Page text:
You Can Cheat and Still Have a Great Relationship, New Survey Says
Will stepping out become more acceptable?
When you cheat, does it make you a bad person? This is a subjective question that no one could ever definitively answer. But when you cheat, does it make you feel like a bad person? Is one always filled with remorse if they step out on their partner? Depictions in popular culture from movies to song lyrics have made many of us believe that cheaters are wracked with guilt, but a new study contradicts this common mindset. It also debunks the idea that people stray because they are unhappy in their marriage. So, are cheaters actually good people in happy relationships who just don't believe in monogamy? Read on to find out more.
Married people who had affairs expressed little remorse.
A new report on the psychology of infidelity published in the journal Archives of Sexual Behavior has found that "married people who have affairs find them highly satisfying, express little remorse, and believe the cheating didn't hurt their otherwise healthy marriages."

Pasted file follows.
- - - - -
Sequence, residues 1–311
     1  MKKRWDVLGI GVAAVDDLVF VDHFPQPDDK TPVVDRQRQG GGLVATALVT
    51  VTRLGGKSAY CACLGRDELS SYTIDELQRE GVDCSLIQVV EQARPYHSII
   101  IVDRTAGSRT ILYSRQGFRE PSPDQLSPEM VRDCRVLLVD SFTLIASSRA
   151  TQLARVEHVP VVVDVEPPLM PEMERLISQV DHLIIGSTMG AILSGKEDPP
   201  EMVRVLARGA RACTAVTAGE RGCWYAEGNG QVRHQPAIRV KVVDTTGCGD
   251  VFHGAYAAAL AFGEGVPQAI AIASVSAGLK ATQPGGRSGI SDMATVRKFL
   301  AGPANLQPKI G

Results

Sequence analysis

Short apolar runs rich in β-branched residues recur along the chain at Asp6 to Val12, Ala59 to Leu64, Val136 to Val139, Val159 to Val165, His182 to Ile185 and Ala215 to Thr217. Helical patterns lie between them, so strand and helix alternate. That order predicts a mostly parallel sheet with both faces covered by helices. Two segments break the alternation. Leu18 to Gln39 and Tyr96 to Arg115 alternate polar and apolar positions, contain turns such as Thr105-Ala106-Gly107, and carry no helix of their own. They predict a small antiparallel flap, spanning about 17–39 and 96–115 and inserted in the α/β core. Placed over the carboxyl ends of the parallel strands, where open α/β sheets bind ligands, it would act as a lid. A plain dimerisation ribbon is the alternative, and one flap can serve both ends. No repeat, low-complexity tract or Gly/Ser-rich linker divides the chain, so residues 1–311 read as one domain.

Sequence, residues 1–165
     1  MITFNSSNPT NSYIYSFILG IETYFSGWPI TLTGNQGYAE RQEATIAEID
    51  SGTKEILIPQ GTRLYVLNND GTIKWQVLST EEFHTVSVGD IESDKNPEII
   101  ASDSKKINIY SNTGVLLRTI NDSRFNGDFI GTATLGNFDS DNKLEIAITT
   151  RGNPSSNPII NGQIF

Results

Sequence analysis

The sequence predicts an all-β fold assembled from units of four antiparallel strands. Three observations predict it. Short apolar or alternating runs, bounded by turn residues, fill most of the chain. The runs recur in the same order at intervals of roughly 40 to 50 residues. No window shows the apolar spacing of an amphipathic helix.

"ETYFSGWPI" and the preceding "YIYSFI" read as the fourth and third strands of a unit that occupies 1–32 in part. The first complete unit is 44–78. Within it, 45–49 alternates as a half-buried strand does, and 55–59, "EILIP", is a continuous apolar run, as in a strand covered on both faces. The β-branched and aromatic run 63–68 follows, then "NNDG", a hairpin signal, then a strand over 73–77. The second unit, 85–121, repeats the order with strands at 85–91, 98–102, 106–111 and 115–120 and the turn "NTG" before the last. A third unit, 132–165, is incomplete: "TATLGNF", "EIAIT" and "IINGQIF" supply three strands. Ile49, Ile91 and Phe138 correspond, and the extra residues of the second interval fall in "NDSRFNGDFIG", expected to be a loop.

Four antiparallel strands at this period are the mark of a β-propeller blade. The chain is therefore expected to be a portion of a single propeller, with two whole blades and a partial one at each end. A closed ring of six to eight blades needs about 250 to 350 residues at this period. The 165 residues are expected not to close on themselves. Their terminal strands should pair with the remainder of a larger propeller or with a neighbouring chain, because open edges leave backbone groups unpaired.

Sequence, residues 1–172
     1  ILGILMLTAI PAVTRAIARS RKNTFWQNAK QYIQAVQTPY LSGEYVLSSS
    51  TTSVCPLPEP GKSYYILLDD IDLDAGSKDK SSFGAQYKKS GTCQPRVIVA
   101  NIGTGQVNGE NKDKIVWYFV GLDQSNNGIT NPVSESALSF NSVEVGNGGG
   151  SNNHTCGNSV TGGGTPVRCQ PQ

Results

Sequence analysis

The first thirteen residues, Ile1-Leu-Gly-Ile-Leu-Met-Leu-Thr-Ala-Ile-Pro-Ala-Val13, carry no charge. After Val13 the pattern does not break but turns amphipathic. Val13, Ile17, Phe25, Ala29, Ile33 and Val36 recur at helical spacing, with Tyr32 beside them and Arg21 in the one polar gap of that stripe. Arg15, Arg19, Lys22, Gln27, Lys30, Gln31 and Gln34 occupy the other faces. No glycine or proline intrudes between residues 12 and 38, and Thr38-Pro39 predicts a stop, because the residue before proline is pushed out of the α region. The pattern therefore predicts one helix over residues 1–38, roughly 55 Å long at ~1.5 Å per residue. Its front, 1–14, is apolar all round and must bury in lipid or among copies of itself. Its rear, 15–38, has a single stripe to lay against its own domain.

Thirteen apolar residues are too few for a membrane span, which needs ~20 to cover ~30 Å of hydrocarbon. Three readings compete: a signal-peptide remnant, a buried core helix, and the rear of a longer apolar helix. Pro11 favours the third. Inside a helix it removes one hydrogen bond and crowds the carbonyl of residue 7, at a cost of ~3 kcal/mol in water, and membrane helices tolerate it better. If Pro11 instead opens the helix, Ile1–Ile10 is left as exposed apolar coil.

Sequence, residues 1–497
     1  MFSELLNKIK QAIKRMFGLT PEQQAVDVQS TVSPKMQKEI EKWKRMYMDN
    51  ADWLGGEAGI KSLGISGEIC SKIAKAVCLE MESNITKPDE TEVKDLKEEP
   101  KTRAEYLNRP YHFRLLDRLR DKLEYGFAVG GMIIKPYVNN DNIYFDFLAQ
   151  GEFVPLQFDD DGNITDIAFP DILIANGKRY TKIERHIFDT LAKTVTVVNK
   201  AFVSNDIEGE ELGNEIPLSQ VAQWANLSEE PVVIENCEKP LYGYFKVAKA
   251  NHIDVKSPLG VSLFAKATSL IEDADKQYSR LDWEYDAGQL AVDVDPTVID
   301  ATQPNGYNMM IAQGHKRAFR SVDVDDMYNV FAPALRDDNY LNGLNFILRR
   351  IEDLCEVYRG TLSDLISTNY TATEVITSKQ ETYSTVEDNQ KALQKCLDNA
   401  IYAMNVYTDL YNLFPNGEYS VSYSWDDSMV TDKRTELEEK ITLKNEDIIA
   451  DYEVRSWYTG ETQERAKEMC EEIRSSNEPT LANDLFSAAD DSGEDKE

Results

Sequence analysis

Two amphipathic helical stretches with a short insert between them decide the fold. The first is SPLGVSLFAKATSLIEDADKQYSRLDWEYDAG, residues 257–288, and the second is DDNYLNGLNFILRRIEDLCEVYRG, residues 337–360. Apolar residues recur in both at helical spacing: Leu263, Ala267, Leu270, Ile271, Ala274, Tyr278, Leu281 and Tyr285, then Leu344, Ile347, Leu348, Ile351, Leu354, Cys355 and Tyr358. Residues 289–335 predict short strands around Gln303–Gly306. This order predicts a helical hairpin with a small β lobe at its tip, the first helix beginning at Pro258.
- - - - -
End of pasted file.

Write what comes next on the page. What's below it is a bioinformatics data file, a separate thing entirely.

The lead author of the study, Dylan Selterman, an associate teaching professor in Johns Hopkins University's Department of Psychological & Brain Sciences, says the findings challenge the mainstream notions many of us have about infidelity that have been engrained in our brains from popular culture—particularly from the cheater's perspective.
"In popular media, television shows and movies and books, people who have affairs have this intense moral guilt and we don't see that in this sample of participants," Selterman said in a press release. "Ratings for satisfaction with affairs was high—sexual satisfaction and emotional satisfaction. And feelings of regret were low. These findings paint a more complicated picture of infidelity compared to what we thought we knew."
The study surveyed Ashley Madison users.
Selterman and his team of researchers from the University of Western Ontario surveyed nearly 2,000 active Ashley Madison users, a website for facilitating extramarital affairs, before and after they cheated on their spouses. Their goal was to "better understand the psychological experiences of those who seek and engage in extramarital affairs"—a continuation of Selterman's past research.